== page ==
The Eurasian magpie is one of the most intelligent birds as well as the most intelligent of all non-human animals. The expansion of its nidopallium is approximately the same in its relative size as the brain of humans. It is the only bird known to pass the mirror test.
2. Scooby-Doo was designed by Iwao Takamoto who first learned illustration from fellow prisoners in the Manzanar concentration camp for Japanese-Americans in USA.
3. In 1993, a college basketball coach named Bob Knight invented a fictitious player named Ivan Renko to expose disreputable basketball recruiting experts. Sure enough, the "experts" began listing Renko as a prospect and some even claimed to have footage of the nonexistent player.
4. David Vogel and Disney's production president read M. Night Shyamalan's spec script for 'The Sixth Sense' and loved it. Without corporate approval, Vogel bought the rights for the movie for $3 million and for this he was dismissed by Disney. The film went on to spend 5 weeks at number one.
5. The "lower bar" on women's bikes is antiquated and was created to accommodate the heavy dresses women wore in the late 1800s.
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In 2015, Ex-Miami Dolphins running back Rob Konrad swam for 16 hours to shore after he fell off his boat in the ocean.
7. Paul McCartney once mentioned that he liked Jelly Babies. Later his fans started throwing them at the Beatles during live concerts. In the USA, fans started throwing jelly beans at them after mistaking them to be the same thing. One concert had to be stopped twice because the Beatles members kept getting hit.
8. The first international war crime trial took place in the Holy Roman Empire in 1474. Peter Von Hagenbauch was found guilty of atrocities committed during the occupation of Breisach and beheaded.
9. In 2004, Reason Magazine sent out 40,000 special magazine prints, tailored to every subscriber, which surprised and terrified each one of them. Each cover of the magazine displayed the satellite photo of the subscriber’s house. The featured article was about how databases can be utilized on a mass scale with automation.
10. In the 4th century C.E., Roman bishop Acacius of Amida sold all of his church's treasures to free 7000 Persian prisoners captured by the Romans during the war. Theodosius II, the Persian emperor was so impressed by the act that he ordered an end to Christian persecution throughout his empire.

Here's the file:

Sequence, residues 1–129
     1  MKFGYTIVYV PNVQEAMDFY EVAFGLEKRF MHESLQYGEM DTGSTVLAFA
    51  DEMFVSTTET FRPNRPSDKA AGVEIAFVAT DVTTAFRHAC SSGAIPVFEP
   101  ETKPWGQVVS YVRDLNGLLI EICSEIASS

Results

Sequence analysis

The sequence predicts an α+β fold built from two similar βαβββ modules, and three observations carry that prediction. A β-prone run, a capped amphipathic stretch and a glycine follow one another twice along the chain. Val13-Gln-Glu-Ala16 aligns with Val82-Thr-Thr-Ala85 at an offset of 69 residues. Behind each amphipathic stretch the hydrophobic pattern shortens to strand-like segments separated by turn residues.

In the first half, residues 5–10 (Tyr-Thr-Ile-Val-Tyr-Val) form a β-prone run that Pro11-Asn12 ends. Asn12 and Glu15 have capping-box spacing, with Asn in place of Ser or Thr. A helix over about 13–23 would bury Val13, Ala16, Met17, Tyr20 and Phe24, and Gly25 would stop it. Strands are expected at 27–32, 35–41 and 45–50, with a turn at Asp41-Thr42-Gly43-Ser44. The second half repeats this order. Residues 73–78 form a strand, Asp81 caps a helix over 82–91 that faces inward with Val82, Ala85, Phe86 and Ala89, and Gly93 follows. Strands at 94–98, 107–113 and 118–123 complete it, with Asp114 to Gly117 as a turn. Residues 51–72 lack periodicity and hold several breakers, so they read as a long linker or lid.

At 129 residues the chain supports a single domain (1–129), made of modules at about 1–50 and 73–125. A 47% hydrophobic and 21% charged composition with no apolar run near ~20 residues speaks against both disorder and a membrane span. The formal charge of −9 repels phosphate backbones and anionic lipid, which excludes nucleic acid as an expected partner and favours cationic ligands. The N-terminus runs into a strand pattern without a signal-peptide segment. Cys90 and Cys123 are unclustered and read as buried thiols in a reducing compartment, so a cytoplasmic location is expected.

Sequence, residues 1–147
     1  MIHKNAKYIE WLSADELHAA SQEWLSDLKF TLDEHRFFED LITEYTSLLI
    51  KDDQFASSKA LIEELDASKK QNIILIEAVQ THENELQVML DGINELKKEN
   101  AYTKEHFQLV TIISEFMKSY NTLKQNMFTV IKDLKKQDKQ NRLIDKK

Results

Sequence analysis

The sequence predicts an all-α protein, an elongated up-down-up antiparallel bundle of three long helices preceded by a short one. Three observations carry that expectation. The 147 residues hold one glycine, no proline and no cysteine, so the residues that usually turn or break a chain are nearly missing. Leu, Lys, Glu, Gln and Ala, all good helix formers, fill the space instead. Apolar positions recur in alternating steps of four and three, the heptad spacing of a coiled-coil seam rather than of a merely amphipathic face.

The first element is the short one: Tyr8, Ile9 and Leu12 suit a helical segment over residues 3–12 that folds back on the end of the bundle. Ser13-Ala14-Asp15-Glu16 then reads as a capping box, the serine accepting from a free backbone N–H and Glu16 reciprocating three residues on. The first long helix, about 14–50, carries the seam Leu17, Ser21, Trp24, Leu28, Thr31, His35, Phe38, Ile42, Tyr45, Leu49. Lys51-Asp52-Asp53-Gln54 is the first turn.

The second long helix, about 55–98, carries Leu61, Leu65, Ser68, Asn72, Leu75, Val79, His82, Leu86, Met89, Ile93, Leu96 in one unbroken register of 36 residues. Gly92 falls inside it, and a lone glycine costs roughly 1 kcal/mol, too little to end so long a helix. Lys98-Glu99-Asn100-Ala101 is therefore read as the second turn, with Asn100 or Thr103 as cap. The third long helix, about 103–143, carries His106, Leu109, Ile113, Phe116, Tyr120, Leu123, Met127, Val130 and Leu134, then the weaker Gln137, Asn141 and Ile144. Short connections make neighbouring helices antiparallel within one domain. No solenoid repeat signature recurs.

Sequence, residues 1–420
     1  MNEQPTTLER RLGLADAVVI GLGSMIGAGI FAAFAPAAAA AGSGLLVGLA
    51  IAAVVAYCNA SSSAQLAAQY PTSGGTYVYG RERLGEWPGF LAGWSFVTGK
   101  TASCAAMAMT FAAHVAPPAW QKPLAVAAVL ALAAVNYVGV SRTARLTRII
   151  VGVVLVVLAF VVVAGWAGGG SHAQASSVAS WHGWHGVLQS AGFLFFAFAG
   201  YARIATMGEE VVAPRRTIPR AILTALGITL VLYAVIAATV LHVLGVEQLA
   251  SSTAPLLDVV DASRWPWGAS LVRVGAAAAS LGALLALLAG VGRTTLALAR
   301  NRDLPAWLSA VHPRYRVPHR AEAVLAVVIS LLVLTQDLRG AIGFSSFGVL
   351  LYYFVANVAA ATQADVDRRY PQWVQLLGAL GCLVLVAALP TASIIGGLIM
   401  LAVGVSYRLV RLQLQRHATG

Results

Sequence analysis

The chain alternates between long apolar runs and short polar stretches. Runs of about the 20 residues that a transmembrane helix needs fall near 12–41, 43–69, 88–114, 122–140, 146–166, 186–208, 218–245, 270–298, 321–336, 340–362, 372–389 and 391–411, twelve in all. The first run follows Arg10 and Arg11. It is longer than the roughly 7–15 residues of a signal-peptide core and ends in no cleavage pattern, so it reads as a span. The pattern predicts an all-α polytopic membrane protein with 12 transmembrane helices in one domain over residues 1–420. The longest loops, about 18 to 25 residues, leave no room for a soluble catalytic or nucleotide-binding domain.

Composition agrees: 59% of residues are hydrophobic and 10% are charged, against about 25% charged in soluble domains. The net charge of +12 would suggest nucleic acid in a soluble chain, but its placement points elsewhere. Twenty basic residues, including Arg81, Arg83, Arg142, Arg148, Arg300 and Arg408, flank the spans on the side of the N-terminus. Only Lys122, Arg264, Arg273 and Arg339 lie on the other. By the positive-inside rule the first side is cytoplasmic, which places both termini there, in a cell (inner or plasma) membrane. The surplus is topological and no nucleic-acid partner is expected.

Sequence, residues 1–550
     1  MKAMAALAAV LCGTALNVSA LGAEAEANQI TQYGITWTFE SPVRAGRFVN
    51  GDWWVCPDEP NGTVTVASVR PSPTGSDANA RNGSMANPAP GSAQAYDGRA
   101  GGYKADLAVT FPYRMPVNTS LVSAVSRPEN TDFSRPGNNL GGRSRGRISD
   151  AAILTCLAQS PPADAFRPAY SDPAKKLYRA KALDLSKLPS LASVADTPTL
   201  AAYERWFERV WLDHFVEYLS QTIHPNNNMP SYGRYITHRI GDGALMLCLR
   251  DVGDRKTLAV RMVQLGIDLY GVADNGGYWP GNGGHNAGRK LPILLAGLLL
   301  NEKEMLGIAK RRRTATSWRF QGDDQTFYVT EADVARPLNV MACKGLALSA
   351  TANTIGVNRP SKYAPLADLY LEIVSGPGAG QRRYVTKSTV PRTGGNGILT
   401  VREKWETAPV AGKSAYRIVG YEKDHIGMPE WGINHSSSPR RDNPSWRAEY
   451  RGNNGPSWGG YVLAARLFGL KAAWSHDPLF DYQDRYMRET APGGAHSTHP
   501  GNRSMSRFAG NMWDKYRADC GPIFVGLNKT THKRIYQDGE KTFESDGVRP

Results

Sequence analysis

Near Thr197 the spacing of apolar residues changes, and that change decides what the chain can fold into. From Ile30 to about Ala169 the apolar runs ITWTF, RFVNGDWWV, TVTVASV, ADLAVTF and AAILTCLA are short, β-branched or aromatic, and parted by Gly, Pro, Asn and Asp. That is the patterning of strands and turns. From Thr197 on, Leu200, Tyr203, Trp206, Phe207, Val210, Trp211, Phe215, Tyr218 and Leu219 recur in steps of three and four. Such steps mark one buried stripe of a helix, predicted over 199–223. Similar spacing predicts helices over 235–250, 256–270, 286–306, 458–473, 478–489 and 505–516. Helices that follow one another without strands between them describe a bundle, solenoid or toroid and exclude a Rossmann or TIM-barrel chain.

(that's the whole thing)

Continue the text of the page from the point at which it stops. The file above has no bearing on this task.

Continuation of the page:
Buddhists create sand mandalas only to destroy them, to teach the belief that nothing lasts forever.
12. Palm fronds are extremely hardy and are difficult to process into mulch or compost and can take up to 50 years to decompose on their own. The fronds also account for 3.4% of the 1 million tons of waste each year in Phoenix, Arizona landfills.
13. In Iceland, Arctic foxes were the only land-based mammals roaming the landmass before humans arrived.
14. Grateful Dead concerts were so crucial to the LSD market that Jerry Garcia's death in 1995 contributed to a nationwide decline in LSD use.
15. During a contentious White House meeting about patronage appointments for customs officers in the Northeast, Treasury Secretary William H. Crawford became so angry at president James Monroe that he began whipping his cane at the president, forcing Monroe to use fireplace tongs to defend himself.
Self-taught inventor/engineer E. Lilian Todd was the first woman to design and build an airplane, only 3 years after the Wright brothers' first flight. However, she did not pilot the aircraft herself because she was denied a permit.
17. The Toyota team was caught cheating in the 1995 World Rally Championship. Its engineers had developed a mechanism to temporarily remove the mandated turbo restrictor plate and give their Celica an extra 50 BHP.
18. Daniel 'Rudy' Ruettiger, the football player who became the basis of the classic sports film "Rudy", once ran a pump and dump scheme. He was charged with stock fraud charges and settled for $4.5 million.
19. Lynyrd Skynyrd based the group's name as a mocking tribute to a P.E. teacher named Leonard Skinner. He disciplined two of the band's members for letting their hair grow long.
20. Moe Howard of 'The Three Stooges' once broke three ribs filming a pratfall. Dazed, he managed to pick himself up off the ground and slap Curly in the face before passing out. The footage ended up being used in the finished short.
21Processing of Gelatin
Gelatin is obtained by boiling cattle and pig carcasses.
22. Potatoes are native to South America. They were introduced to the rest of the world only in the last 500 years.
23. Banjo player Bela Fleck has been nominated in more Grammy categories than any other musician and won Grammys in bluegrass, country, folk, pop, jazz, classical, and world music categories.
24. Fabric can be made from milk. In 1935, due to the Italian government wanting to reduce wool imports, Antonio Ferretti created a milk fiber derived from the casein protein in skimmed milk. Milk wool was soft, warm, and shrink resistant, but smelled like spoiled milk or cheese when wet.
25. The fat Chinese buddha is actually "Budai," a Chinese monk from the 10th century.